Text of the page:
Sunday 25 June 2023

Some catching up...

As usual I've been reading quite a lot but not doing much in the way of talking about said books on here. So... time for  a catch up via some quick reviews. 

First up, The Midnight Library by Matt Haig.

Nora Seed is in her mid thirties and feels her life to have been a failure. Currently estranged from her only family, a brother, over her unwillingness to start a band with him, her best friend doesn't speak to her as she decided against going to Australia with her and then Nora gets the sack for not being cheerful enough to the customers in a music shop. The last straw comes when someone knocks on the door to tell her her cat, her only company, has just died out in the street. Nora decides life is just not worth living and that she will end it all. Except the end isn't what she expected. She's now in a library that seems to contain books that have inside of them all the lives Nora could've lived if she had made different decisions. Can she find one amongst the thousands of alternatives that she actually wants to stay in? So this was interesting in that it dealt with all those 'What ifs?' that we all have in our lives. Those decisions we made that took us in one direction when a different decision might have taken us elsewhere and led to a happier more fulfilled life... or 'not'. I suppose it asks questions about alternate universes where we all exist but living different lives, with different people, different jobs etc. It's an interesting concept to consider. I like a book that makes me think and this was very good in that regard. 

Next, I read The Thirteen Problems by Agatha Christie. Thoroughly enjoyed this, one of the first Miss Marple books published after The Murder at the Vicarage. This is a series of connected short stories wherein a sort of murder club is formed over or after various dinners with friends that Miss Marple attends. People talk about various mysteries they've encountered and Miss Marple inevitably solves said mystery. I thought it was delightful. 

That was followed by a contemporary fiction story entitled, Retreat to the Spanish Sun by Jo Thomas. 

Eliza is a single parent with three grown-up children. Her husband left her when the kids were quite young and now they're adults and have flown the nest she's sold the family home and has a small 2 bed flat. Problem - for one reason or another they're all back and the place is bedlam. Eliza is taking a course and has an exam deadline but can't work in the chaos, so, on a whim, she answers a 'house-sitter required' ad and finds herself in Spain looking after a pig farm while the owner's away. The plan is to write her essay while it's quiet but Eliza reckons without the draw of the local ex-pat club who're learning Spanish, or trying to. This is one of those light books you get sucked into and I certainly did - starting and finishing in one day. I liked Eliza, in her mid-forties and just trying to better herself with a bit more education. The Spanish village setting was a delight and I learnt a bit about a local delicacy, Iberico ham. I've read three or four books by Jo Thomas and always enjoy her less than perfect heroines.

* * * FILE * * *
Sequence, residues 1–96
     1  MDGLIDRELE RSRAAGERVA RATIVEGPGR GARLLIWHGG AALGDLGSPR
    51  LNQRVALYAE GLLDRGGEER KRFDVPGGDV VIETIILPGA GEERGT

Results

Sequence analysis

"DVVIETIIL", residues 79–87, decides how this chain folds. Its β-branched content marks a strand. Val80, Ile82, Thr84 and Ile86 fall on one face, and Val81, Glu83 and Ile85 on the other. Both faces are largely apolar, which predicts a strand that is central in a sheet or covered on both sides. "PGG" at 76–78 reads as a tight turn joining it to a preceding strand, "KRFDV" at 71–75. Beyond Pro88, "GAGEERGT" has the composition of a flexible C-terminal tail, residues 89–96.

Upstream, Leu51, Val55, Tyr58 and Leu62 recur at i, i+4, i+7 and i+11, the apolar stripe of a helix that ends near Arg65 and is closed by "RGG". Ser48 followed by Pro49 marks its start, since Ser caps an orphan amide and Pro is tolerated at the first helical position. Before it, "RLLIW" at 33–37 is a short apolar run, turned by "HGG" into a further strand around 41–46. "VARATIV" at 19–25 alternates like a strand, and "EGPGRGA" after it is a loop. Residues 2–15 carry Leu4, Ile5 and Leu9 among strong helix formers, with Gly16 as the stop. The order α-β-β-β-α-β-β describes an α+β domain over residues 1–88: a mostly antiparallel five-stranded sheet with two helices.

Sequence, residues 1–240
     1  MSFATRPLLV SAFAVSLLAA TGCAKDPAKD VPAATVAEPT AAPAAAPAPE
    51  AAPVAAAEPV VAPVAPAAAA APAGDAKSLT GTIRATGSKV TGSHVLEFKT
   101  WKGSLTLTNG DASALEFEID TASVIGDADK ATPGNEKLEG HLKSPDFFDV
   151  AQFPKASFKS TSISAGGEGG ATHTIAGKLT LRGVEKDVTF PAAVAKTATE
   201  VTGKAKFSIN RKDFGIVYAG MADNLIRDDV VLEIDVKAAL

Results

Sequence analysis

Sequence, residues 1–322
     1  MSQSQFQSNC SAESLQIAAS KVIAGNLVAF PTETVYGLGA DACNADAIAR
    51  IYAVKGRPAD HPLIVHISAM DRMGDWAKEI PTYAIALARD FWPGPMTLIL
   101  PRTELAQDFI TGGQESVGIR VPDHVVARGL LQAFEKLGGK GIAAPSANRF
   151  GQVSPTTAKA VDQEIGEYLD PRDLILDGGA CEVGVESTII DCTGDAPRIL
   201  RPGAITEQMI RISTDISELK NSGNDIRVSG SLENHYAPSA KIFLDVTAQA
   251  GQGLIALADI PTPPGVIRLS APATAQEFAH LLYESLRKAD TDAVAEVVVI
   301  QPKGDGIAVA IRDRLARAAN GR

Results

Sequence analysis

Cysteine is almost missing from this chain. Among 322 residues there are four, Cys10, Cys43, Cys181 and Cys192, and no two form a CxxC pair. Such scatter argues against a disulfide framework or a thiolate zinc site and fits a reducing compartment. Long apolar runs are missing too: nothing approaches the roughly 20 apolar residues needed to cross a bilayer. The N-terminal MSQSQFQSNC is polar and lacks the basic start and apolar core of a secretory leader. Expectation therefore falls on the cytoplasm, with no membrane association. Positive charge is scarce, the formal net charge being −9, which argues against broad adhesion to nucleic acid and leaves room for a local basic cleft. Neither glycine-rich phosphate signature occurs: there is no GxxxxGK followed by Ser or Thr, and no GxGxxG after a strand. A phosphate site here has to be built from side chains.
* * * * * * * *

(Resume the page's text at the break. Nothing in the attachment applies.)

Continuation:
Lastly, Sea of Tranquility by Emily St. John Mandel.

This a science fiction story... it's as well I didn't know it was a time-travel yarn because I might not've started in the first place. It did actually begin quite well with a 'second and thus not inheriting much, son' travelling to Canada to start a new life in 1912. Something happens to him in the forests of British Columbia which is connected with some things which happen to others in 2020, 2203 and 2401. There are colonies on The Moon in this story, and I thought those were particularly well depicted. There's a pandemic involved (not ours). And the writing was very good indeed but as always I found the time travel aspect confusing no matter how clever the author was at bringing various timelines together and surprising the reader at the end. A solid 3 star read, I was slightly disappointed in this but bear in mind that reflects my dislike of time-travel stories, your mileage may vary. (A time-travel book I 'did' quite like - To Say Nothing of the Dog by Connie Willis.)